The rapid evolution of cryptocurrencies might represent a threat to monetary sovereignty and global financial stability, but how will institutions respond? China is ready. It has already rolled out a pilot program for its own central bank digital currency (CBDC) involving more than 500,000 people, and it is about to initiate cross-border payments with the ambition of assuming a leading role internationally.
When Facebook announced its cryptocurrency project Libra (now Diem), central banks were forced to take notice. The emerging risk to monetary sovereignty and global financial stability prompted institutions to start or accelerate initiatives related to CBDCs. In fact, 80 percent of central banks are currently engaged in research and development of CBDCs, according to a survey conducted by the Bank of International Settlements. However, despite a growing interest in CBDCs, there remain valid concerns about the impact of their potential introduction on financial intermediaries, payment systems and, more generally, on public perception.
China is the first major economy to have its own CBDC, while the European Central Bank’s (ECB) and the US Federal Reserve’s CBDC projects are still in their infancy. Meanwhile, the People’s Bank of China (PBOC) launched its digital currency pilot program in 2020 in major cities like Shenzhen, Suzhou and Chengdu and is now getting ready to roll out the use of the digital yuan on a larger scale in time for the Winter Olympics in Beijing 2022.
The introduction of the digital yuan is a challenge to the duopoly of the digital payments sector, which has so far been dominated by AliPay and WeChatPay, which account for 94 percent of the market in China. The PBOC kept AliPay and WeChatPay out of the digital currency pilot program but included many other private stakeholders, including six major Chinese banks and the most popular apps, such as JD.com (the country’s largest online retailer), to test digital wallets. More than 500,000 thousand people downloaded an app that allowed them to experiment with making small digital currency payments. The pilot program highlighted the market potential of a digital yuan, according to a report by Goldman Sachs, with the US investment bank stating that in ten years China’s digital currency could reach one billion users and represent 15 percent of total domestic electronic payments.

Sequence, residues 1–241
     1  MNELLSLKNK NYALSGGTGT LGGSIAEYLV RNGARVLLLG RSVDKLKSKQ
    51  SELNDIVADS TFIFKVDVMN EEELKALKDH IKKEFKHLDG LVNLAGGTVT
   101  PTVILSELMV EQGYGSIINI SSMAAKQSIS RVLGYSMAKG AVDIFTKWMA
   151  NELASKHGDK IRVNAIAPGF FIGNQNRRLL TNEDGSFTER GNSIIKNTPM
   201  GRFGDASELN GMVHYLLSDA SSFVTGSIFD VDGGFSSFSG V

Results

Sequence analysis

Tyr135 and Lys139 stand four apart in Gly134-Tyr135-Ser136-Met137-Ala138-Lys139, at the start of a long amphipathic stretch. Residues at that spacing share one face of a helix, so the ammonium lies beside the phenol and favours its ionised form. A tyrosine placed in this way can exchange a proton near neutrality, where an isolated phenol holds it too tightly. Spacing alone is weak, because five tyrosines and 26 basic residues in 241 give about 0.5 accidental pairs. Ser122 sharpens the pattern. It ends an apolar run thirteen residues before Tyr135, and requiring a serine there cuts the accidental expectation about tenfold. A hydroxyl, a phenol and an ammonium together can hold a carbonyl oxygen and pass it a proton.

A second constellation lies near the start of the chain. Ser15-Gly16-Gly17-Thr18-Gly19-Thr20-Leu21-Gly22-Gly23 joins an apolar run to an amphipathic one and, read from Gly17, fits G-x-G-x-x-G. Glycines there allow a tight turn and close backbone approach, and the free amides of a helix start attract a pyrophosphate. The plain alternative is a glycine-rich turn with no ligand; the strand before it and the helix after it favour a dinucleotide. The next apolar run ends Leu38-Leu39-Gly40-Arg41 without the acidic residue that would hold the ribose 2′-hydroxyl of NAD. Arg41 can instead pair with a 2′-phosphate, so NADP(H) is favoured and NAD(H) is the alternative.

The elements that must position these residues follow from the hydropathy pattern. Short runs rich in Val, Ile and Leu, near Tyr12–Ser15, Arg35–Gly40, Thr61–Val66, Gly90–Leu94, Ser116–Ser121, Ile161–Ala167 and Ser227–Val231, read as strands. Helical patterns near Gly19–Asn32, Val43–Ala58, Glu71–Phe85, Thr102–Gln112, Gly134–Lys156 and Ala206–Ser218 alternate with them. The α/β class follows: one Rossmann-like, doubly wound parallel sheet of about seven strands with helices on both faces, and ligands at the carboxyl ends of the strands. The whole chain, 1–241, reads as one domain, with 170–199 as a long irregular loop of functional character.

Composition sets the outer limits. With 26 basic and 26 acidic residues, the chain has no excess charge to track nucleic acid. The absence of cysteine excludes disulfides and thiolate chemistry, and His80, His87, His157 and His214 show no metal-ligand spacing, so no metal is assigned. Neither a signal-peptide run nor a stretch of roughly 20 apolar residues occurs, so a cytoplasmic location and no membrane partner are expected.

But its potential is not limited to China’s domestic market alone, with the government preparing to exploit its first mover advantage outside national borders. The use of the digital yuan in cross-border payments could have significant geopolitical consequences. It is not by chance that last February China, together with the United Arab Emirates, joined the Multiple CBDC (m-CBDC) Bridge initiative, a project co-created by the BIS Innovation Hub, Hong Kong Monetary Authority and the Bank of Thailand with the aim to facilitate real-time foreign currency payments using distributed ledger technology. The widespread use of digital currencies in international trade could undermine the hegemony of the US dollar and strengthen China’s role in global markets.
In response, the ECB is adopting a prudent approach and recognises the importance of developing its own CBDC project but is cautious about the timing of its launch. After having published a report on the digital euro, the ECB opened a public consultation aimed at citizens and professionals, which highlighted privacy, security, and ease of use as the most critical areas in the current design phase. In the coming weeks, the ECB’s Governing Council will take a decision on whether to continue with the project and, if so, will define a timeline for the development and implementation of the digital euro, which, in any case, will not be issued before 2025.